Anhedonia review by The Graduate

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  • Released: Apr 10, 2007
  • Sound: 10
  • Lyrics: 7
  • Overall Impression: 9
  • Reviewer's score: 8.7 Superb
  • Users' score: 9.7 (18 votes)
The Graduate: Anhedonia

Sound — 10
The Graduate finds it's niche right in the center of what is rising in popularity today, a blend of pop-punk, alternative rock, and indie. The three characteristics are all in equal measure, producing a mature and in several ways unique form of the catchy, youthful teenage pop-punk model. As such, in reference to their first EP which was produced in a style aimed at this immature group of music, the production on Anhedonia is strikingly different, steering them in a more general rock direction that is deeper, thicker, and more true to their individual sound. Corey Warning's vocals are on a plethora of different styles from song to song. "Sit and Sink" demonstrates a pining, pained sound that fits the lyrical meaning well; "I Survived", "Bet It All", and "Justified", the three most upbeat, pop-punk songs on the album are all sung with the optimistic, catchy, and fun formula native to the genre; "Better Company" demonstrates a cool, smooth, and classy know-it-all attitude; "Stay The Same" is sassy and powerful with hints of a raspy tone on the higher notes; and as if that weren't enough for Corey to prove his adaptability and skill, he goes all out on the ballad "Surround Yourself", with a raw and heavily emotional sound that also showcases his immense range. Corey is easily one of the most versatile and talented vocalists in modern rock music, and it is this characteristic that will gain The Graduate respect in both the pop culture and in the teenage pop-punk underground. Musically, everything stands out. Guitarists Matt Kennedy and Max Sauer are a phenomenal duo rare to be found in bands today. Matt often adds unique and catchy leads which add to the pop-punk dimensions that accentuate the band's fun side, while Max commonly and skillfully makes use of delay in his riffs to smooth out the edges and thoroughly expand the band's indie/ambient side. Jared Wustenburg isn't your typical "I'm not a musician I'm just in this band to party" bassist either. His parts rarely are as simple as following the power chords, and although they are a melody of their own, they don't stand out too much; they fit smoothly in the collective sound and provide the thickness that bass is made for. Then, after moving past the cunning use of synths where appropriate, you still find excellence in the drums. Innovation is key when it comes to creative juggernaut Tim Moore, and the drums play the largest part in keeping this band from being stuck in one genre, as they are a lot more thoughtfully written than your typical pop-punk beat and fill formula. If I had any criticism at all for the band's music, it's that the collective songs with all the parts together sound a bit cliche at times, but taking into account some interesting chord progressions and the many indie traits that make this band unique, that flaw becomes invisible.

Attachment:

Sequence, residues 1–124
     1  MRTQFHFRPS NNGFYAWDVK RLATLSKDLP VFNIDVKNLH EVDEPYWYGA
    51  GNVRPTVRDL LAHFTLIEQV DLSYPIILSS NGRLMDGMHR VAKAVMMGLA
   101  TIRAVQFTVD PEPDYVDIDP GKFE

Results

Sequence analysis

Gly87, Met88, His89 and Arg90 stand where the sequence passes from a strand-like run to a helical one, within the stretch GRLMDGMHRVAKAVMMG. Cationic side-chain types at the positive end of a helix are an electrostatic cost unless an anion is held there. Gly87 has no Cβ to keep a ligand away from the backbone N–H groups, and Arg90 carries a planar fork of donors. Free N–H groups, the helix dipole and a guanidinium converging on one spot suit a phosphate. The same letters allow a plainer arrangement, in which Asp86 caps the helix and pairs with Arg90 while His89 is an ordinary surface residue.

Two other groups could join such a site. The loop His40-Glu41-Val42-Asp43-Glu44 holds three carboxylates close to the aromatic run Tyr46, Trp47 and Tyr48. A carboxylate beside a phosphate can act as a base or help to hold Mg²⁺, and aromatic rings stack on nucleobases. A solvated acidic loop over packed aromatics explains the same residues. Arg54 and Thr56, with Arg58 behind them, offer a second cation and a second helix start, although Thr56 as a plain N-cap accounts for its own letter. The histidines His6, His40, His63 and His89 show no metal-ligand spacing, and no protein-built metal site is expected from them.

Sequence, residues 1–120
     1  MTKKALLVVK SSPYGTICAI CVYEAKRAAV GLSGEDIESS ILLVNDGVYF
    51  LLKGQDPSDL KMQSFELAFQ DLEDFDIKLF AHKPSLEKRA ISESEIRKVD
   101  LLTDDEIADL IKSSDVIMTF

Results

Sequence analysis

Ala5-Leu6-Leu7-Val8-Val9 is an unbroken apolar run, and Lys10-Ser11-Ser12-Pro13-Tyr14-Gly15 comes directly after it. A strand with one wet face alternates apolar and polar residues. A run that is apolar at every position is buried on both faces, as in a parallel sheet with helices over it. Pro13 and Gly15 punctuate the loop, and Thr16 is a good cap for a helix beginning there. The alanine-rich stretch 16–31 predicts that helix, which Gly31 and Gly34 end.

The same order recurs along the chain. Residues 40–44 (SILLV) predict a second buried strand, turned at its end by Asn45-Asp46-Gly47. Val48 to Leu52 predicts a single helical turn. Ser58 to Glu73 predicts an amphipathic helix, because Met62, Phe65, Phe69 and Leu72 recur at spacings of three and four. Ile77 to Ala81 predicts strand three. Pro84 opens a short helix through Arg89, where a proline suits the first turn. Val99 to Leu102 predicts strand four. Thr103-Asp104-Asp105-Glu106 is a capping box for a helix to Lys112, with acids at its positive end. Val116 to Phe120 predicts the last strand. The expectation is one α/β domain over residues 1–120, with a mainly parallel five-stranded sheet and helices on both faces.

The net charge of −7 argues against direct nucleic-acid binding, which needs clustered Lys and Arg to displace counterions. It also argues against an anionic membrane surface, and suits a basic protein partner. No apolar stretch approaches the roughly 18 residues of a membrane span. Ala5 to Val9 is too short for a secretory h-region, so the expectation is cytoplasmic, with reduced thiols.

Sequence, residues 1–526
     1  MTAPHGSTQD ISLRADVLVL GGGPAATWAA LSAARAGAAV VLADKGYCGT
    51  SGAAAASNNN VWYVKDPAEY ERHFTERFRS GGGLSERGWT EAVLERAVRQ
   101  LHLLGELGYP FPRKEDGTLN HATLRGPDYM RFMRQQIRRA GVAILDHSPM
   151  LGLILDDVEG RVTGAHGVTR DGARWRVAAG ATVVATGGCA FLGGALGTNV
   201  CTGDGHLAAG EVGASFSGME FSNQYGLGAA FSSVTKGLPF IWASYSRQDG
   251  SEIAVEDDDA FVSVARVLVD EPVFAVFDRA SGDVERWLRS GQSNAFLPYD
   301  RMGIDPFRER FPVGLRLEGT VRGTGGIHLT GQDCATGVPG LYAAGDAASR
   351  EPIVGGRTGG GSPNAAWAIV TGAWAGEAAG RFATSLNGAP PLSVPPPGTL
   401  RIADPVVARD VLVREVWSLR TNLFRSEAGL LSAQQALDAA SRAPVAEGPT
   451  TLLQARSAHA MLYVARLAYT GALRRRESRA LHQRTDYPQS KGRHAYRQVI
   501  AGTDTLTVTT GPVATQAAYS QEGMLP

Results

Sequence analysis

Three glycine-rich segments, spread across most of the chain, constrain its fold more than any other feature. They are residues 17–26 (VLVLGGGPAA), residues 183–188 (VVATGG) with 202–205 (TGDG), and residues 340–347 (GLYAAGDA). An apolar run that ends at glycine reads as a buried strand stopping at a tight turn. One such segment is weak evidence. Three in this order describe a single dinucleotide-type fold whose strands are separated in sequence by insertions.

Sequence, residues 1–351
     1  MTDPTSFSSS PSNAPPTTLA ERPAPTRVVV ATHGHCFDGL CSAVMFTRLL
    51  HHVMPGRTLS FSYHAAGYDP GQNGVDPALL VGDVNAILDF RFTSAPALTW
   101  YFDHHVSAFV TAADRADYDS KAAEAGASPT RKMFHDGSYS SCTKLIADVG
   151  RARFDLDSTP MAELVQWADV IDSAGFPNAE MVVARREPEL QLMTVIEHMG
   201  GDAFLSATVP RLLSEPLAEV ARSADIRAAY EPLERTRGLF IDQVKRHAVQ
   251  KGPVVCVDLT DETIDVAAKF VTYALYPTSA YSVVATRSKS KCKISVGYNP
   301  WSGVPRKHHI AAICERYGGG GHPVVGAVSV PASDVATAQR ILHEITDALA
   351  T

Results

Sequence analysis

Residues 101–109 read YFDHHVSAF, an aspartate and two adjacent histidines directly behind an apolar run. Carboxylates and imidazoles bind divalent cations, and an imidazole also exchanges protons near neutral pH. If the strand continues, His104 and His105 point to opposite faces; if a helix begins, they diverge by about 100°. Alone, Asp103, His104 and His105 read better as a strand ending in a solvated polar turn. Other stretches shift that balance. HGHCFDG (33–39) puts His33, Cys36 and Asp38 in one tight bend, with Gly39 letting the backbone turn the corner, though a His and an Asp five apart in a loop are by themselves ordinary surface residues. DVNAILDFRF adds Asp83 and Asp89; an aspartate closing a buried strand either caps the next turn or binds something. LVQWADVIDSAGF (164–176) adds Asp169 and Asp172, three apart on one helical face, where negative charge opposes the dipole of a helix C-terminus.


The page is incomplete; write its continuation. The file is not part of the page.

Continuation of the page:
Lyrics — 7